It was nice to see a mother reunited with her three children again after so much heartache and pain. The picture carried by FMT of Loh Siew Hong and her children having lunch together at a restaurant for the first time after three years was heart-warming.
Those of us who have children will be able to sympathise or feel, to some extent, this moment of coming together again. For any parent, their children are the most precious of gifts.
To be separated from your child – and knowing that even though they are near you can’t be with them – is probably the greatest agony in the world.
High Court judge Collin Lawrence Sequerah, in ordering the children’s immediate release on Feb 21, also released a mother from her agony.
This issue, therefore, is a human issue. It is about a mother being separated from her children. It is not about any religion and it should not be seen as a contest between religions. It is also about how effective or unbiased law enforcers are and how much respect people have for the courts.
The court, in granting Loh’s habeas corpus application seeking the release of her twin girls aged 14 and her son aged 10, noted that a High Court order of March 31, 2021 had given Loh sole custody, care and control of the three children.
“There was also an earlier interim ex-parte order dated Dec 20, 2019, granting sole custody, care and control of her children to the applicant.
“The court orders still stand and are still valid. The court orders are not to be treated with impunity in the face of contempt of court. By reason that the court orders still stand, I, therefore, allow the application of writ of habeas corpus,” Sequerah said.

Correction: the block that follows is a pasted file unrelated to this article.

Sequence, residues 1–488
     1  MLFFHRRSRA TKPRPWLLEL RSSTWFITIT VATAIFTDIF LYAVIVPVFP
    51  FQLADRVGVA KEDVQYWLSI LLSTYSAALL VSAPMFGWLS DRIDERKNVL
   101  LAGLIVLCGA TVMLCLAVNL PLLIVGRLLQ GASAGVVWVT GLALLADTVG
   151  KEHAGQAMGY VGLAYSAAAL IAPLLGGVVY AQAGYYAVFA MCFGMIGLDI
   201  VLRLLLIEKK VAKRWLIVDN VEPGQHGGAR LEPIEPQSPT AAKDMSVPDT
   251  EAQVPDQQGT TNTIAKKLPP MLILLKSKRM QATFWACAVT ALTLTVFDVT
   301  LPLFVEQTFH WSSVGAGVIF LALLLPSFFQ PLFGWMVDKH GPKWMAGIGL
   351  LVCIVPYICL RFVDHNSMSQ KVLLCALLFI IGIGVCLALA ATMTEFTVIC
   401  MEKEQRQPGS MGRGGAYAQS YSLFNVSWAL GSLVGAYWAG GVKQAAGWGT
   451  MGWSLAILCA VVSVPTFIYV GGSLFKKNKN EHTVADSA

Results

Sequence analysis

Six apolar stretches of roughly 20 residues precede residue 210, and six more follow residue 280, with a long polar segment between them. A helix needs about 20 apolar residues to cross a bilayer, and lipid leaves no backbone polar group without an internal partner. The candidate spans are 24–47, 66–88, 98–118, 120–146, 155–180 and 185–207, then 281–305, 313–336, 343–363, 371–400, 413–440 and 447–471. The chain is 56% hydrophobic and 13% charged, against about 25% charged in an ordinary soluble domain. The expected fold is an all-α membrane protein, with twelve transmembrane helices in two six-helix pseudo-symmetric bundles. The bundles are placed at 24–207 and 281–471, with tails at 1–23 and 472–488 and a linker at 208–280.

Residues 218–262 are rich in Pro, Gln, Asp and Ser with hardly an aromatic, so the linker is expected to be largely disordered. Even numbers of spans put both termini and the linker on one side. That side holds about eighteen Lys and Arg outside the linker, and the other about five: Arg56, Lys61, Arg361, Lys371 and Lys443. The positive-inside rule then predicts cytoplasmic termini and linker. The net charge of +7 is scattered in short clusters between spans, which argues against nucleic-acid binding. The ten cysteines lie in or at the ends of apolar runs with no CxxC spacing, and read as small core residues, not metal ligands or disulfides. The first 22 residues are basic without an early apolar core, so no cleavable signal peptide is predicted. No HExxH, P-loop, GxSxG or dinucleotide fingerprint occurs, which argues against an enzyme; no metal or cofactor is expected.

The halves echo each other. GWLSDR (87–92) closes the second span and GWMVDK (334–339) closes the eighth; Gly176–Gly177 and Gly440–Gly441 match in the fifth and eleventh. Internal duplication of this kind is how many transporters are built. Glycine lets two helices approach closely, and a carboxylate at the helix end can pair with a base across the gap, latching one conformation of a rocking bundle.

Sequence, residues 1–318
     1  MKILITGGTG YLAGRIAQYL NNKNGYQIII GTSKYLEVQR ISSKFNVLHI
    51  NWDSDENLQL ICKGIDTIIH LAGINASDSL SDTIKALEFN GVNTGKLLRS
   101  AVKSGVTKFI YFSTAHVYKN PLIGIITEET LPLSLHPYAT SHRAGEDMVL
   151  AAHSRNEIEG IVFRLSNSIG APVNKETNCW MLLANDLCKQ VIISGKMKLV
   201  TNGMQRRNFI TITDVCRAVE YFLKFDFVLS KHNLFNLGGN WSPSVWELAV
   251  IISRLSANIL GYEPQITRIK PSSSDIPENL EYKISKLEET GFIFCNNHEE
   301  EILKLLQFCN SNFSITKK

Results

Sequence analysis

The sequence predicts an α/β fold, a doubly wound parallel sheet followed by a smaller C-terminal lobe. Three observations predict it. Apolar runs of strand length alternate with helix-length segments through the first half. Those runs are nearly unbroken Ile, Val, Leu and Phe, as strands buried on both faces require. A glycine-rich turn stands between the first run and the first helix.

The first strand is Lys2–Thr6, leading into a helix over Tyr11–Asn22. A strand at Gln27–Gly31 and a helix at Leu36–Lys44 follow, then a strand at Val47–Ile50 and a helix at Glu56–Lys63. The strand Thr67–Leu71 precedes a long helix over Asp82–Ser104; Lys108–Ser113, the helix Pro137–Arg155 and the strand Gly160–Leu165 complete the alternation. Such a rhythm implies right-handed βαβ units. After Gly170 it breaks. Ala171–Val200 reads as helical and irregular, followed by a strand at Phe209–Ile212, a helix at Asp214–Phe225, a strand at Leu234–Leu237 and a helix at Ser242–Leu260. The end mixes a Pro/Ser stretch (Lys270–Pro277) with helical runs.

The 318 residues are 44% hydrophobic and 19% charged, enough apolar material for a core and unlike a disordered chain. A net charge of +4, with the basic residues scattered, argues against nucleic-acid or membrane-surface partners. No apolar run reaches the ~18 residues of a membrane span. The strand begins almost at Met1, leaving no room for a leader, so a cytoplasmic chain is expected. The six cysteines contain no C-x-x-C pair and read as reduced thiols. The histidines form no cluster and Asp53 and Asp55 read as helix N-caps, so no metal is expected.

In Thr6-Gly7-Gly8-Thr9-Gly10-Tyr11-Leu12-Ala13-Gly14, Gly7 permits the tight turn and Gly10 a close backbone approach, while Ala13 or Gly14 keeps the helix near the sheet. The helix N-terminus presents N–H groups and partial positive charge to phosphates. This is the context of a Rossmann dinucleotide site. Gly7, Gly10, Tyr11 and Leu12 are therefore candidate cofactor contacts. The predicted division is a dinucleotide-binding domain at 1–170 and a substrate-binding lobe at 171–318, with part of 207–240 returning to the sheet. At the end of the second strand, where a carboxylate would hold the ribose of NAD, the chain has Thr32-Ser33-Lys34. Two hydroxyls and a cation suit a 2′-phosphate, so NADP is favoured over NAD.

According to Loh, she had been separated from her children for three years after seeking shelter following domestic abuse. She obtained a divorce from her husband Nagashwaran Muniandy last year and was granted full custody of the three children.
She claimed her children had been left in the care of preacher Nazirah Nanthakumari Abdullah and that they had been converted to Islam without her knowledge. The children were sent to the Welfare Department’s home pending the court decision on her writ of habeas corpus.
Among those who welcomed the court decision was the Women’s Centre for Change (WCC) which had previously given shelter to Loh.
WCC executive director Loh Cheng Kooi was quoted in the media as saying it was unfortunate that Loh had to “go through so much delay and hassle to obtain what is rightfully hers, given that she had already been legally awarded full custody of her children”.
Which is true. If the court’s March 31, 2021 order, or the Dec 20, 2019 interim order, had been respected and the children handed over to the mother, there would have been no need for her to apply for a writ of habeas corpus or for the matter to become a religiously-tinted public issue.
Was it the failure of the police? Was it the failure of the Islamic religious authorities? Was it the failure of the home which had been taking care of the children? Or was it someone else’s or some other agency’s fault?
If the authorities can identify the source of this problem, they can prevent similar future incidents from causing further divisions among Malaysians.
People have been talking for some time now about a seeming reluctance on the part of the authorities to fully respect decisions of the court when these involve issues deemed to be “sensitive”, and particularly so when it involves conversion cases.